This letter, in part, makes the following points:

"Unfortunately, Canadian mining companies have a bad track record in our countries, where companies such as Barrick Gold are the source of many conflicts because of the dispossession of lands, destruction of water sources, and the ignoring of international rights (ILO Convention 169, the UN Declaration on Rights of Indigenous Peoples, among others), that lead to multiple environmental and social impacts on our communities.

The solution is not to mediate and negotiate based on what has already been done, and no ‘social works’ carried out with the mining companies can compensate for the damage done, particularly in the face of rights having been violated.

So for these reasons we ask that you, World Vision Canada/Barrick Gold/CIDA, refuse to take any part in this development policy, and instead that you take responsibility to ensure that Canadian companies respect, and demand that States respect, the rights of the indigenous peoples affected before anyone seeks mining concessions in our countries."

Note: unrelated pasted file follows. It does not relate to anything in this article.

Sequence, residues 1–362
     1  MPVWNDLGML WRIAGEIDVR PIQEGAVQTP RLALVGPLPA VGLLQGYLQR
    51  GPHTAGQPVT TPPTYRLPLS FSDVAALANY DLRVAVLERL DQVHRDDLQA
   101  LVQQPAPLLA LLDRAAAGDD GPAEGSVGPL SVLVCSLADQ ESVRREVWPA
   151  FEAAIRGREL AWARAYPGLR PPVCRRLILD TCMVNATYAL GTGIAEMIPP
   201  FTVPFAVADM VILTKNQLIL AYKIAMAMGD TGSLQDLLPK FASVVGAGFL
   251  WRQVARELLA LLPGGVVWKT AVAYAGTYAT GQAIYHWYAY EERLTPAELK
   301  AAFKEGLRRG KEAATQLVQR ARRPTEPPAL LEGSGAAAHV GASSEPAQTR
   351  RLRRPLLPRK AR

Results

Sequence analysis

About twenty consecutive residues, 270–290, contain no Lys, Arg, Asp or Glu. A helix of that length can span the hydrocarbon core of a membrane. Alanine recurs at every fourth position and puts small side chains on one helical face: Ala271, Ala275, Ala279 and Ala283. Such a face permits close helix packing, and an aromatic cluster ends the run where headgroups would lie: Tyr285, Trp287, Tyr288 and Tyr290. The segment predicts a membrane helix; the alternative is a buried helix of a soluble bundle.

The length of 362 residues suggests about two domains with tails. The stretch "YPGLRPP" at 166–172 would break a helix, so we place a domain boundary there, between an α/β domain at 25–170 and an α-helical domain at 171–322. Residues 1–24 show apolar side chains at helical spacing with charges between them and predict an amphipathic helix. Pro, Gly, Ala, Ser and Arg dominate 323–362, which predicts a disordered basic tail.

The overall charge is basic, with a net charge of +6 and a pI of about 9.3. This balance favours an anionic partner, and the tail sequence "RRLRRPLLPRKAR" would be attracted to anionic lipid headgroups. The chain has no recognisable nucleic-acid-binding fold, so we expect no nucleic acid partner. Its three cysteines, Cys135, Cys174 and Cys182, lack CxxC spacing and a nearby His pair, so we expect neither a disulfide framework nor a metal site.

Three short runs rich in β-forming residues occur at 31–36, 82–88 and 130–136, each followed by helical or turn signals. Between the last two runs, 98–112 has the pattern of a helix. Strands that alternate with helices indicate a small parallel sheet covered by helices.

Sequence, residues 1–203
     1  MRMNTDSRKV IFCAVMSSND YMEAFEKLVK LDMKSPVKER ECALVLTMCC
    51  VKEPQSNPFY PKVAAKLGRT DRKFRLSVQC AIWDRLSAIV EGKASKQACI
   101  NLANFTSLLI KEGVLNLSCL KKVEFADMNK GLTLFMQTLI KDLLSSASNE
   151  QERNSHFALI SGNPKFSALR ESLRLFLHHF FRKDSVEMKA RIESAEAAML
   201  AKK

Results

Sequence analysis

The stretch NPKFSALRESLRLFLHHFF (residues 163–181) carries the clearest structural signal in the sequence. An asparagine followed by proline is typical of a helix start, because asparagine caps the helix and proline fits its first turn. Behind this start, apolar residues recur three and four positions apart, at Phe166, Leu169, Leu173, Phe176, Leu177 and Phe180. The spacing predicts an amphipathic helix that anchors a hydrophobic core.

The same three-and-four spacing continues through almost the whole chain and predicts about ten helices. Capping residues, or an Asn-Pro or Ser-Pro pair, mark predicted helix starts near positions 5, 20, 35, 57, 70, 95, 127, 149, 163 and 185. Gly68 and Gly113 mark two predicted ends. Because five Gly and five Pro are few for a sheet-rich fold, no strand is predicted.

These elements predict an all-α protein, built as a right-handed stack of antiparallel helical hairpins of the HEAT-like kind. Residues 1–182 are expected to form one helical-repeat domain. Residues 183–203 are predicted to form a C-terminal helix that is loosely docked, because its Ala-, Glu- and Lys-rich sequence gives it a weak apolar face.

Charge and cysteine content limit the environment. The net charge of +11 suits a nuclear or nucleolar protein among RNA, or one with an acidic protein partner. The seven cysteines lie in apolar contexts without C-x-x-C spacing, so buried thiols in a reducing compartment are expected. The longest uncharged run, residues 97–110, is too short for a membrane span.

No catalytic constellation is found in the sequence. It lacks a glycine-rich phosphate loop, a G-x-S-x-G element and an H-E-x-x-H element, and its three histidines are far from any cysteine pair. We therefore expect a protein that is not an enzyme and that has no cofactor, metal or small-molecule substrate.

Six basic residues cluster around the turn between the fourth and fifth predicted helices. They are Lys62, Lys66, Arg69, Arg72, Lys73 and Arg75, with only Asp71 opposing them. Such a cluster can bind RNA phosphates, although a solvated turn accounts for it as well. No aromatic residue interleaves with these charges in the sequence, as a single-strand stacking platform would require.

A study [2] by CAOI found that Barrick has avoided paying royalties to Peru for its mining activities. This study also points out that the Peruvian National Superintendency of Tax Administration calculated that Barrick owed the nation’s coffers $141 million from the take-over of another company. However, the gold miner miraculously dodged the bullet when a more senior government ministry intervened to put the case on ice in 2004. Proper payment of royalties and taxes by foreign companies operating in a country like Peru is what could allow the government to carry out far reaching social programs, obviating the need for foreign charity.

In February 2012, the newly formed National Tribunal on Water Justice heard from Peru’s mining affected communities. It marked one of the few times that community concerns about mining’s threat to vital water sources had received national attention. Following these hearings the tribunal found five mining companies guilty of endangering water sources due to their exploratory or extractive activities. Number two on that list was Canada’s Barrick Gold and its Laguna Sur project.